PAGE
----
@ The Neptune Theater
March 31, 2017
Photo Credit: Austin Young
Where do I start with this review? I don't think I've ever started out a concert review with that question. The show on Friday evening was three nights ago (today being Sunday). I am still feeling the effects of it today! Why you may ask? Read on.
For the first timers like myself that have never experienced a live performance by Diamanda Galás, I truly didn't know what to expect. I thought that it was going to be one of those events that you have to experience. I was right about that.
Videos don't do it justice (official or otherwise). The recordings, while mesmerizing, don't do it justice either. Seeing Diamanda Galás live is a stand-alone event.
I told a few people the next day that I felt like I had been beat up in the best possible way. Creatively exhausted and inspired, there was just so much to process from the performance that I found myself walking around with a head in the clouds, full of weighty memories from Friday's show.
Diamanda Galás is one of a kind. I've been going to concerts since I was nine years old - having seen hundreds since. I can't think of one concert that even comes close to what I experienced at her show. And it was set up deceptively simple - a grand piano, piano bench, vocal mic on a boom stand to her left, tall bottles of water on the ground for in-between song breaks, and sheet music/lyrics on the piano.
Very specific lights set up to capture the mood of the song and performance that was being played, with fog machines adding to the lighting mist, the rest of the stage was bare aside from a few audio monitors.
A little after 9pm, Diamanda Galás walked out on stage to much applause at the long sold out Neptune Theater in Seattle. Dressed in an exquisite black dress, with her hair styled (up and cascading down her back) and her make-up on point, she quietly sat at the piano bench as the theater reached epic silence awaiting the first note of music.
Starting with an operatic vocal piece accompanied on piano, "Verrá la morte e avrá i tuoi occhi" (poem Cesare Pavese, music Diamanda Galas), Diamanda Galás wasted no time building up her vocal prowess unlike what all other artists would do. Her much heralded vocal range was just un-fucking real live. There were many a time I was really, and I mean really, concentrating on her vocals and I was just simply dumbfounded.
For the uninitiated trying to describe Diamanda Galás' vocals/music is pretty much futile. My lame attempt would be to say imagine your witnessing a live play or musical. There may be several different cast members on the stage reciting their lines/vocals, each playing a character.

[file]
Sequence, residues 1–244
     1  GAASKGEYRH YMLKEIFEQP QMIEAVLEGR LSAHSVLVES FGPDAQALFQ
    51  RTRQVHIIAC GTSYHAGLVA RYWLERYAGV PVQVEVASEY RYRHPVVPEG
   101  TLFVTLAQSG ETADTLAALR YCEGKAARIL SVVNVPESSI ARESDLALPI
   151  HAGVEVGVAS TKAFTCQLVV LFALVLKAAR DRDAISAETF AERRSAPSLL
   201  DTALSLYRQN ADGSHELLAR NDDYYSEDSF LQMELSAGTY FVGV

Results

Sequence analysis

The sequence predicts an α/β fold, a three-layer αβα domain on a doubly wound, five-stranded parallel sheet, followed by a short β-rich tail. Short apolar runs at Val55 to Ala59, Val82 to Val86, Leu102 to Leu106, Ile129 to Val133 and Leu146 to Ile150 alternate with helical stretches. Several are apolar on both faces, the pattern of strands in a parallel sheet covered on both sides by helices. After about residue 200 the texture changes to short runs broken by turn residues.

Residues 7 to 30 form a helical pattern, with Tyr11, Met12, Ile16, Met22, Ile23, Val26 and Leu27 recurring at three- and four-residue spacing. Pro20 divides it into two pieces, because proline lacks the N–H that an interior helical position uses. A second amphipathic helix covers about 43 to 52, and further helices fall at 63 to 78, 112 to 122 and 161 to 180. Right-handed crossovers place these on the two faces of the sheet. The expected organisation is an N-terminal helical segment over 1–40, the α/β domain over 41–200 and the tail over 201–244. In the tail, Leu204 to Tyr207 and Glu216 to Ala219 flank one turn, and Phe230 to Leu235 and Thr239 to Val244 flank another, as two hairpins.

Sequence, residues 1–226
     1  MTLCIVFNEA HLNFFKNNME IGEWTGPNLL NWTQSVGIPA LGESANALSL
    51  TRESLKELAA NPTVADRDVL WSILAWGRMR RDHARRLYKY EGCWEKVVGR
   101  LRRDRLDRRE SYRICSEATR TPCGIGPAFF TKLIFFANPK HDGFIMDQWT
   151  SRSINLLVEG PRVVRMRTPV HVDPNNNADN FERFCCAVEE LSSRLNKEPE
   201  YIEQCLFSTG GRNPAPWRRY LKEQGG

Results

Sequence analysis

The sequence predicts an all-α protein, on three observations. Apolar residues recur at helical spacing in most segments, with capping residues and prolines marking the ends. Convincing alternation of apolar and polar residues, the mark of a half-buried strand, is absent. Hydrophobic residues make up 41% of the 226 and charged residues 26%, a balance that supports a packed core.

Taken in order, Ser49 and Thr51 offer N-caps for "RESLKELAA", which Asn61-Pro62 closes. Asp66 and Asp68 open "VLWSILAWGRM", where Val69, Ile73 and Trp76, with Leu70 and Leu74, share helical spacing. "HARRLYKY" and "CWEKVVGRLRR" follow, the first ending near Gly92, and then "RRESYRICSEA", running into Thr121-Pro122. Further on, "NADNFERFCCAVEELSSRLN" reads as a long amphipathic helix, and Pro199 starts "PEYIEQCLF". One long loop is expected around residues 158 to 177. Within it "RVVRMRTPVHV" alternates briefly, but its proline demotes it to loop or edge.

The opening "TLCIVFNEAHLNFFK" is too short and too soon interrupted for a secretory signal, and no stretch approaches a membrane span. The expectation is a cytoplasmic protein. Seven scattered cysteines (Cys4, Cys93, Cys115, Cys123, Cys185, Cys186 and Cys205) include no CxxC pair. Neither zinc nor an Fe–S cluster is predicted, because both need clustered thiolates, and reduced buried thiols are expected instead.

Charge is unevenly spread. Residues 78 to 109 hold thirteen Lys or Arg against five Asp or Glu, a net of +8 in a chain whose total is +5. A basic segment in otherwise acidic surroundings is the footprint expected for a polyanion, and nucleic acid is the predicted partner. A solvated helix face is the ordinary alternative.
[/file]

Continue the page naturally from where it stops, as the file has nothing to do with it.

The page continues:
Now imagine all of those different performers are actually just one - that would be Diamanda Galás.
Every voice you hear, no matter how different it is - Diamanda Galás.
No matter what language is being spoken/sung - French, Spanish, English - it's all one person - Diamanda Galás.
Chanting or use of multi vocals at the same time like some of the Tibetan monks are known to use - is it trickery of some kind? Nope. It's - Diamanda Galás.
You get the idea.
I've heard over the years the whole "she's an avant-garde artiste". I don't even think that term describes Diamanda Galás.
Diamanda Galás is just uniquely - Diamanda Galás.
The performance in Seattle was the start of a handful of rare appearances in the U.S. Afterward there are a handful of dates in Europe. All the shows are supporting her two new releases, "All The Way" and "At Saint Thomas the Apostle Harlem".
The hour-long performance, including two encores - "Pardon Me I've Got Someone To Kill "(Johnny Paycheck) and ending with a haunting rendition of "Let My People Go" (traditional and Diamanda Galas), ran the gamut of vocal styling’s, unorthodox song structures, and emotional weight.
I was fortunate enough to be sitting three rows from the stage so I could see Diamanda's face as she performed. Channeling would be a good word (or the best I could come up with) to describe her live performance. It seemed as though she were conjuring up different personalities to fit the particular song. From old bluesman, to tortured opera singer, to storyteller warning of what is to come, I couldn't help but get completely sucked into her performance. She had her way with me and spit me out at the end of the night - leaving me scarred for musical life.
I know the fans around me felt the same way. You saw either people just mesmerized by her performance or people that had their eyes closed getting lost in the music emanating from the stage.
After each song, the crowd would applaud loudly while Diamanda would turn to the audience and nod with a closed mouth smile of acknowledgement.
The first few folders of music/lyrics were casually tossed to the floor as she performed, while the remaining sheets were in what appeared to be a binder that she would flip through to get to the next song.
At one point during the performance Diamanda stopped a few bars into a song determining it wasn't what she wanted to play. "Too dreary" …
I feel that no matter what I write here, nothing will really do the show justice. Let me leave you with these words:
Purity in art is always sought after but seldom, if ever, reached. Friday evening I witnessed one of those ultra rare moments when it was actually attained:
- Diamanda Galás -
With absolute respect,
Mark D. Sugiyama
Special Thanks: Gedney for the constant communication leading up to and before the actual event. Adriane for the follow up and work as well.
And to Diamanda Galás for existing in this world.